Hence I must ask you: Have you read only Jensen and no one else? That would make of you a very naïve researcher. Or have you diligently researched the vast literature in sharp conflict with Jensen and concluded that he is nonetheless right? That would make of you a very disingenuous young man when you plead that "we'll never know for sure until [Jensen's] theories can be openly discussed and debated and more research is done." There has been no lack of research into Jensen's theories. They have been thoroughly discussed and debated for decades. The jury is not out on Jensen.
But, as I say, I am no scientist, but simply a person who cares for genuine (and not rhetorical) honesty in matters of race. In order for you to get a deeper (or more honest) understanding of the matters in which you proclaim an interest, I now call upon the extraordinary resources of this university to answer you. I call upon the faculties of psychology, sociology, genetics, political science, anthropology and all others at Emory to bring to your attention what is known about race in the modern world. I ask these faculties to tell you (as well as the other readers of the Wheel) about Arthur Jensen and to acquaint you with the merit of his findings. I cannot do this, but I am proud to be at an institution that can.
Let me conclude by turning to what I must say is the wholly repugnant conclusion to your essay. You say that if Jensen is right, "then it does no good to pretend that compensatory programs like Affirmative Action and Head Start will eventually put blacks on an equal footing with whites." The programs to which you refer have never sought their foundation in so-called "genetic equality." They are based on history- the history of a country that enslaved a people for hundreds of years and thereby committed an immense moral wrong. The nation is now still trying to heal that wound and make itself truly one people. Despite every difference we have as Americans, we must be that one people. To do so means recognizing, in the spirit of reconciliation, that the unfairness embedded in our history must be corrected, and that the imbalances that have injured us must be righted. This is a practical matter and an ethical matter; it is not a matter of genetics.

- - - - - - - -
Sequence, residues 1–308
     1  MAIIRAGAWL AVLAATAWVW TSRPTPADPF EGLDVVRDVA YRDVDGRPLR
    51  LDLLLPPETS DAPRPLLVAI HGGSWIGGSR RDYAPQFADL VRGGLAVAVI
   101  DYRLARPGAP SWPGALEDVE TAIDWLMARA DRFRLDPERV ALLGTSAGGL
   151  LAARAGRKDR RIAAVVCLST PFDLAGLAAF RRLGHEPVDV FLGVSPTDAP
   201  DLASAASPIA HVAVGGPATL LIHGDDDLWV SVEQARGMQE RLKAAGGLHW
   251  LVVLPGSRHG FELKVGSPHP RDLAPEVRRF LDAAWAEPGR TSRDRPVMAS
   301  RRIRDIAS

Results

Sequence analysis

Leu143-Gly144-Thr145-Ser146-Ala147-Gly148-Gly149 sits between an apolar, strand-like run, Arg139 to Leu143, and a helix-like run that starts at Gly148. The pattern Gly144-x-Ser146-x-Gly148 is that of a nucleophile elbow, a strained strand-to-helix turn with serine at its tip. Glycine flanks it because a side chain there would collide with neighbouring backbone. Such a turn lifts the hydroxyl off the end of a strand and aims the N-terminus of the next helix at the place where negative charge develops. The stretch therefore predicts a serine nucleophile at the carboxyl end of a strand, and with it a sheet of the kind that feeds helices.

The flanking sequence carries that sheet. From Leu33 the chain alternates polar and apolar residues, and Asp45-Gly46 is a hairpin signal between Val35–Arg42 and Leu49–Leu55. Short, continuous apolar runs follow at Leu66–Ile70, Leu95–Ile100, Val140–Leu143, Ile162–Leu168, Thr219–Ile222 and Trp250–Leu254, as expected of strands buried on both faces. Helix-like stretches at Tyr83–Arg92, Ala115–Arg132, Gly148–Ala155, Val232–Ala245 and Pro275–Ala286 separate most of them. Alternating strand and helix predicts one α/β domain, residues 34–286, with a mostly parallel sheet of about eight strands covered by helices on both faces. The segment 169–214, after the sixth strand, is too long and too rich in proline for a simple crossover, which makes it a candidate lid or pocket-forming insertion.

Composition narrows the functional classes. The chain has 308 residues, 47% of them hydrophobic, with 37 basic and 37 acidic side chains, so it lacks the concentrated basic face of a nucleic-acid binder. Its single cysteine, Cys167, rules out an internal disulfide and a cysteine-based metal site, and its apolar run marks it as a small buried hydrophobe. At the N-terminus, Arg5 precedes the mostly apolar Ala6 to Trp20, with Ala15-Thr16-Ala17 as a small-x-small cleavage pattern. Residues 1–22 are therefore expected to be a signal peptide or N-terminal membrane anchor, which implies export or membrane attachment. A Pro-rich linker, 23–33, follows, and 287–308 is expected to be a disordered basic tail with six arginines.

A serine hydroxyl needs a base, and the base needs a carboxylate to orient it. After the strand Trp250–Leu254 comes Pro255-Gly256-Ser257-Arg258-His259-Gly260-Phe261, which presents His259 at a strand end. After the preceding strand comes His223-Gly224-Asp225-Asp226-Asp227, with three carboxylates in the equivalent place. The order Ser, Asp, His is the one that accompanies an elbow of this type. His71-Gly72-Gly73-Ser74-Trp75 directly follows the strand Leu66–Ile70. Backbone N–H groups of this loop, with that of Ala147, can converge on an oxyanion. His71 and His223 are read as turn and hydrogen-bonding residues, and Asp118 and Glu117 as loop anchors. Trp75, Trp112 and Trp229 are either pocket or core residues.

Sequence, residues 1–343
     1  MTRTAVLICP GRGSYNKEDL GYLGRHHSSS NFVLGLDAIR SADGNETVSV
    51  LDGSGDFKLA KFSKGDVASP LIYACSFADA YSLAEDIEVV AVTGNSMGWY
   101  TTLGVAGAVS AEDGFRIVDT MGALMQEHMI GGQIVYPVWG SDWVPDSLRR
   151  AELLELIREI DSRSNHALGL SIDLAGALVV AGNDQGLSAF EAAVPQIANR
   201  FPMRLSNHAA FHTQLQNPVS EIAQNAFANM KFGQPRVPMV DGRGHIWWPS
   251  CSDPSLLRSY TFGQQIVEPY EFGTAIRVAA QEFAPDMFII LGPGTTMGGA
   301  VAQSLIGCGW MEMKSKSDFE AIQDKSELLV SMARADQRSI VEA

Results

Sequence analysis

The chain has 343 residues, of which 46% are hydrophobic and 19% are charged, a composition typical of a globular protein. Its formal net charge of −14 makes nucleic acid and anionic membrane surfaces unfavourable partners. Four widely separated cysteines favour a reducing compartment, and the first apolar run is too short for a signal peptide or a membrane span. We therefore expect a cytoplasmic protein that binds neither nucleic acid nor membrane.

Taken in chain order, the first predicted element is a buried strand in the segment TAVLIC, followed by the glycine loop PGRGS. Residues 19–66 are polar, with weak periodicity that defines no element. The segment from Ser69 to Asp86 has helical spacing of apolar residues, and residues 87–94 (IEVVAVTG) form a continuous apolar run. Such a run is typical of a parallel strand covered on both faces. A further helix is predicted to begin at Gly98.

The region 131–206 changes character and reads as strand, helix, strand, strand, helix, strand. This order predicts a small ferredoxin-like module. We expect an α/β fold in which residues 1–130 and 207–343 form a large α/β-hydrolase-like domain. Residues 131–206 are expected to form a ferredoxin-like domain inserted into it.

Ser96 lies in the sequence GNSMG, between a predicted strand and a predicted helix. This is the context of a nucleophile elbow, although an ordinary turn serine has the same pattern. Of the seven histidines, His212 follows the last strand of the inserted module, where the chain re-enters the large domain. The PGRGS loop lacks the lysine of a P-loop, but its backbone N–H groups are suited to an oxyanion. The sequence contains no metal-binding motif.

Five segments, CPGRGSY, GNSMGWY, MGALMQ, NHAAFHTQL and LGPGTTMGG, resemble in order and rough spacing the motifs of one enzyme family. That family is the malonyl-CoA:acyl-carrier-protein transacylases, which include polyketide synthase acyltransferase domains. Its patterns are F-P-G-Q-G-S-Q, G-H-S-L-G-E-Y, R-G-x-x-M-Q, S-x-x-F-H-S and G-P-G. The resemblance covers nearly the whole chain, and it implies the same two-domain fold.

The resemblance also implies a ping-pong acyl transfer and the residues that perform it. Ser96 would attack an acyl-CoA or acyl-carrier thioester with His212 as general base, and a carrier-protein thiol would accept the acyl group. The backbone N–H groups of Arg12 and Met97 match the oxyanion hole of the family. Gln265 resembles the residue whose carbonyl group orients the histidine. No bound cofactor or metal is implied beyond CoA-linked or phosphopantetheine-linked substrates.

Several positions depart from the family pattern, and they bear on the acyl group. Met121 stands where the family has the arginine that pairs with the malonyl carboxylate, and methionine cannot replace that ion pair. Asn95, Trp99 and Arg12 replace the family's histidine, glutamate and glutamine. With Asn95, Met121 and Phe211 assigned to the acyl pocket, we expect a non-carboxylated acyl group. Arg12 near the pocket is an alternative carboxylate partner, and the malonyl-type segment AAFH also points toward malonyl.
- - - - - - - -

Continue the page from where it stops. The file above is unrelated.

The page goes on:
You begin your essay by recognizing that it will "almost certainly generate controversy and will undoubtedly offend some people." Michael, welcome to the Emory community, for you are about to discover of what it is made. I conclude by asking that community, no, demanding of the community, that it use all of the instruments of reason and civil discourse- and no other means- to respond to what I consider a most unfortunate essay on the part of one member of the community, Michael Polignano.
William M. Chace is the president of Emory University.
III : LE DEUXIEME EDITORIAL DE POLIGNANO"Issue of genes and race more complicated than reactions would imply"
By Mike Polignano, Columnist